As a landlord in Missouri, you may run into some complicated issues with your tenants. Failure to vacate your property is just one potential issue you could encounter and knowing how to handle this situation properly will offer the best chance of a successful outcome. Zillow.com offers advice in this case, which will allow you to mitigate the situation with a minimum of discomfort and financial loss.
Tenants Are Unable to Pay Rent
In some cases tenants may no longer be able to pay rent. Before you start the eviction process, it’s recommended that you make alternative attempts at obtaining the money owed (which will save you both time and money on legal costs). Once it’s been established that they’re in violation of the lease, you should provide a clear and concise written notice containing all the facts (such as the amount of money owed, the dates of non-payment, and any other pertinent information). Doing so will protect you in the event that a lawsuit is necessary.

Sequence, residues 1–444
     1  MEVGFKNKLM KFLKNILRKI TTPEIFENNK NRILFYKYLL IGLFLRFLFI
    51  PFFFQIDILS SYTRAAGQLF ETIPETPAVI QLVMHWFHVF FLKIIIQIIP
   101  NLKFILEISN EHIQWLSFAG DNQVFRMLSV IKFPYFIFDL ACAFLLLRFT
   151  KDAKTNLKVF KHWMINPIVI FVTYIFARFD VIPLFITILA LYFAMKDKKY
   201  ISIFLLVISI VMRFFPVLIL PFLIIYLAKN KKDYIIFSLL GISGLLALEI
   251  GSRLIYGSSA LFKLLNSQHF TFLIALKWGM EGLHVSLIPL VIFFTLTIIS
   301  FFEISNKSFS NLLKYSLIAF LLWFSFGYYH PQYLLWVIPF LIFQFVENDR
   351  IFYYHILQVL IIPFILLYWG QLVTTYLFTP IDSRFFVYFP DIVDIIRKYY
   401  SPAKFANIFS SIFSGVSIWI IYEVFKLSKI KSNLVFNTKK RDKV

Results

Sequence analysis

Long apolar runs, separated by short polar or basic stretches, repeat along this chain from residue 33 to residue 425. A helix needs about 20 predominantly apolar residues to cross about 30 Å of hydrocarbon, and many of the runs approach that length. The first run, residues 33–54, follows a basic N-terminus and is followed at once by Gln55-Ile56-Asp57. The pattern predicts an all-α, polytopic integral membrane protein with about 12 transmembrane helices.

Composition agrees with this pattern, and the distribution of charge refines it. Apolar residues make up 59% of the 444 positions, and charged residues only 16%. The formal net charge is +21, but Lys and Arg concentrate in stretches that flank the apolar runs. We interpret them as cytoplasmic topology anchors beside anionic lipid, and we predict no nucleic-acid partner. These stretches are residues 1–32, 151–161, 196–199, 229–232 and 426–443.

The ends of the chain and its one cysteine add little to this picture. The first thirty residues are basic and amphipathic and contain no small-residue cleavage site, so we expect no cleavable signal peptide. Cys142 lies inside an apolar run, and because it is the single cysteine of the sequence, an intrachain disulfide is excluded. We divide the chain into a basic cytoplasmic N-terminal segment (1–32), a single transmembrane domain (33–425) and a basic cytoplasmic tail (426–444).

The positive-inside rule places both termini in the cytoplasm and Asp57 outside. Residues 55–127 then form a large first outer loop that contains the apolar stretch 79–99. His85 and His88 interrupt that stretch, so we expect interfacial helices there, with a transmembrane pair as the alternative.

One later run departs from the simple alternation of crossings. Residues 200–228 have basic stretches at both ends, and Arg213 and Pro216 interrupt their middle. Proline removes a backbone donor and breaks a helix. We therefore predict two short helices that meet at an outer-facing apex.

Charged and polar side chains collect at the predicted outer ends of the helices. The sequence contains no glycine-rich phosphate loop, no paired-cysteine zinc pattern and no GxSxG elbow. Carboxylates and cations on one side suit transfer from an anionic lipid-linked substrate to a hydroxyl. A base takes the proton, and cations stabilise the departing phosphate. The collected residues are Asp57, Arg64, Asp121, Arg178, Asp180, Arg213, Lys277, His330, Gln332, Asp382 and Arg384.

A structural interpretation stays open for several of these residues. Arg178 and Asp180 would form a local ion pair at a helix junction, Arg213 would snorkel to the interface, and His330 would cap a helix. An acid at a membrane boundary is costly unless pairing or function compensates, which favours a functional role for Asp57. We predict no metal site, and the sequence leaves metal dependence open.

Tenants Are Paying Rent But Refuse to Move
If you request that tenants vacate the property but they refuse (and continue to pay rent), the situation could become a bit trickier. Contact them immediately about the issue an attempt to work out a reasonable solution. Try offering tenancy on a month-to-month basis with the request that they actively begin pursuing another rental. You can also determine a reasonable date for them to vacate the property, which can help you plan things like cleanup or renovations for future tenants. No matter what, make sure the lines of communication remain open so all parties are fully aware of eexactly what is occuring.
You Run Out of Options
If the above steps are unsuccessful, eviction willbe necessary. In this case you’ll need to file an unlawful detainer eviction lawsuit, which requires providing the proper notices during the entire process (from the start of any tenant issues to actually serving the summons). While you can continue to attempt negotiations, a lawsuit will provide you with additional options to regain control of your property. However, be sure to remain calm and collected, as losing your cool could impact the court’s decision.